405 So. 2d at 15.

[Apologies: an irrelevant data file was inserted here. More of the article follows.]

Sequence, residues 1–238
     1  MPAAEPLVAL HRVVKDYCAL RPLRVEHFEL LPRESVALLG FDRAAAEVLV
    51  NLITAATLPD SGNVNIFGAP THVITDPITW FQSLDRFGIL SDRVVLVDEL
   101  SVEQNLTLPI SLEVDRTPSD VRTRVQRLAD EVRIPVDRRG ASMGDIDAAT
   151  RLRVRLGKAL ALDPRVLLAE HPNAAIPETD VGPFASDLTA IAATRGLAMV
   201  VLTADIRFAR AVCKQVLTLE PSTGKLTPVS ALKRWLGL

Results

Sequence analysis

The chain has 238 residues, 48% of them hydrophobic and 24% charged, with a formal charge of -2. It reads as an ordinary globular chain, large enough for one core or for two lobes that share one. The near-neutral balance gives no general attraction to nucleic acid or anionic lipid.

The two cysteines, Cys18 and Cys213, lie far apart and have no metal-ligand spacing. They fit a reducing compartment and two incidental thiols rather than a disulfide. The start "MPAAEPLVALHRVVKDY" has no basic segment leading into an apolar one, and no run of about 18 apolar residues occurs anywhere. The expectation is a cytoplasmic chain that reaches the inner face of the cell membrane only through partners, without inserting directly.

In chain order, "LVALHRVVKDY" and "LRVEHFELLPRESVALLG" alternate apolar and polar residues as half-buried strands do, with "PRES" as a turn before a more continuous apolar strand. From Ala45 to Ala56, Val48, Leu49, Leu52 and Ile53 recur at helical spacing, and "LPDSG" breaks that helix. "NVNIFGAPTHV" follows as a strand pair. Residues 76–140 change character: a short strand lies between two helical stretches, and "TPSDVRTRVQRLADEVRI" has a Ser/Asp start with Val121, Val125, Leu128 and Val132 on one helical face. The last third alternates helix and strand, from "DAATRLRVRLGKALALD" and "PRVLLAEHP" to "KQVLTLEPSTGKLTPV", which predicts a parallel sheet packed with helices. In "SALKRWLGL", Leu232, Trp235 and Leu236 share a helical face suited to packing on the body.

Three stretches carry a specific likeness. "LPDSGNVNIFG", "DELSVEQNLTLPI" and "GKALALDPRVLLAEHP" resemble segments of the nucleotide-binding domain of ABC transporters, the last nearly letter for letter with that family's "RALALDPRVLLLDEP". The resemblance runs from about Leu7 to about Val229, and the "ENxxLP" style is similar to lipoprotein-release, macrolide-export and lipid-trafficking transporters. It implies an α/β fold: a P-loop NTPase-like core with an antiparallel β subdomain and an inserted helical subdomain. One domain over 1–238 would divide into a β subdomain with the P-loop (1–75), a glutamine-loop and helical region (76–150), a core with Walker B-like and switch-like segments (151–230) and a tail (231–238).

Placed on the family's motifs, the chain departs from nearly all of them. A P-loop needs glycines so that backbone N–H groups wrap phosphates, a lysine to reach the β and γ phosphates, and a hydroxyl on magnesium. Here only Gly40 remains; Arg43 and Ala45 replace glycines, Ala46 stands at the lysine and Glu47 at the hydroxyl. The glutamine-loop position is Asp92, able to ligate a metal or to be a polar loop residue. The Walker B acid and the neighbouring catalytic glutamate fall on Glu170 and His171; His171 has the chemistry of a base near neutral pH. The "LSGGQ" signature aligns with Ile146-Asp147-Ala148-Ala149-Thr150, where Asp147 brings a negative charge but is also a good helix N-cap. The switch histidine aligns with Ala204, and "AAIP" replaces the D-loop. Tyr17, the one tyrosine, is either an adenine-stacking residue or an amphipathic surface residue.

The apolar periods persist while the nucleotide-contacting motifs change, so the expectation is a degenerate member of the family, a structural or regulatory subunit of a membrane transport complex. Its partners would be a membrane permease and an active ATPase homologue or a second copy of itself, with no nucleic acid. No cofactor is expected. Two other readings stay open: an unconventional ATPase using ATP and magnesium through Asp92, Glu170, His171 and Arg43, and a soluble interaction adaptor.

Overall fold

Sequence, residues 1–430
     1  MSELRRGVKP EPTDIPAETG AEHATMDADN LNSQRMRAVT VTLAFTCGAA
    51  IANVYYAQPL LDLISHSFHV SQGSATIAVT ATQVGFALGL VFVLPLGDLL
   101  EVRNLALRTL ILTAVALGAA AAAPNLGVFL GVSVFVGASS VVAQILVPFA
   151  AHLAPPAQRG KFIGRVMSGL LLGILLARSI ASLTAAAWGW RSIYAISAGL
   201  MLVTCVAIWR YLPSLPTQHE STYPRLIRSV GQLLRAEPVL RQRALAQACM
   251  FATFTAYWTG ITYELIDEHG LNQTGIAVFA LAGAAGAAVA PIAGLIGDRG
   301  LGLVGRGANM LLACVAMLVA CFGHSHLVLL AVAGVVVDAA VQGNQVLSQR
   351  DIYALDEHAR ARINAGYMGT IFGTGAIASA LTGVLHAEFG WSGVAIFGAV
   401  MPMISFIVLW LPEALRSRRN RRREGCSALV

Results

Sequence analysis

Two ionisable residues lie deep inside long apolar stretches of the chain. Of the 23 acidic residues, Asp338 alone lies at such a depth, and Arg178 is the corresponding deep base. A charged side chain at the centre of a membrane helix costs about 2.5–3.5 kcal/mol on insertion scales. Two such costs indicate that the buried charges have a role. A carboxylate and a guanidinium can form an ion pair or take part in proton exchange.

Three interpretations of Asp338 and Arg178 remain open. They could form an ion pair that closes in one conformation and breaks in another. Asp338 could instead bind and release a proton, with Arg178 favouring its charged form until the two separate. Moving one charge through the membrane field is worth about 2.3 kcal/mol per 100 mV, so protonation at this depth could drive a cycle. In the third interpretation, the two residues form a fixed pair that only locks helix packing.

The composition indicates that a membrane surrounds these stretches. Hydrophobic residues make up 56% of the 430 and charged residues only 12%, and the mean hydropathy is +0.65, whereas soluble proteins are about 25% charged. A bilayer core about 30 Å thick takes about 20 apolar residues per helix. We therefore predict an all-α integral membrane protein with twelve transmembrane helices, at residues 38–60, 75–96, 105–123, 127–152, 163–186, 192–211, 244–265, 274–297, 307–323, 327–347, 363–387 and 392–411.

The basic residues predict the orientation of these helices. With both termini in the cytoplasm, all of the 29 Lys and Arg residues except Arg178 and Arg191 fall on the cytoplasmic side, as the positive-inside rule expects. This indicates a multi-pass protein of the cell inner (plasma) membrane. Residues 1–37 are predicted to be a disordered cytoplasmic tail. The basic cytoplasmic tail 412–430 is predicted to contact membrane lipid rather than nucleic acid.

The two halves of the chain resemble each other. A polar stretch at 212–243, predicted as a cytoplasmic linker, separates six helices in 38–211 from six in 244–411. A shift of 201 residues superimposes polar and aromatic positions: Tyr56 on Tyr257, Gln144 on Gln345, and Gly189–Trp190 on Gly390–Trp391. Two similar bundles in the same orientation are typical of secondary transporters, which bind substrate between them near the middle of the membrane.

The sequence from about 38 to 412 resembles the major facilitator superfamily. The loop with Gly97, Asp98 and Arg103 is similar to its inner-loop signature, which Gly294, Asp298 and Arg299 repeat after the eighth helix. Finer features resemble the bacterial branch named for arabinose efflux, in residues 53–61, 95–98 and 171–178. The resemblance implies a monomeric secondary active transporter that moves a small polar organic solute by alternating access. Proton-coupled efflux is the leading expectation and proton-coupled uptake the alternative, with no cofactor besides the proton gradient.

Today's opinion by the Court confirms the fears expressed by Mr. Justice Almon in the Chavers case, and once again authorizes the recovery of punitive damages against an insurer for failing to pay a claim that was seriously disputed, the validity of which has only finally been determined today in this appeal. To authorize the recovery of punitive damages in such a factual setting, in my opinion, is a misapplication of the law of contracts, and effectively allows for the recovery of punitive damages against an insurer without affording the insurer due process of law. The majority's conclusion that this case "falls within the category of an unusual or extraordinary case" tends to confirm what Mr. Justice Almon pointed out in his dissent in Chaversthat there are no "parameters" or boundaries for the tort. I believe that the opinion expands the tort of bad faith and does not correctly state the law of contracts, the reasonable expectancies of the parties under such contracts, and the damages that can be awarded in cases of a breach. Consequently, I am compelled to dissent once again, as I have done over the years since the tort of bad faith was recognized.[2] I hesitate to continue to express a dissenting view, but I am convinced that, under the facts of this case, the trial judge was correct in granting the insurer's motion for judgment notwithstanding the verdict, and I am especially troubled by the holding, which allows the recovery of punitive damages for an insurer's failure to pay a claim that has only today been judicially determined to be a valid claim.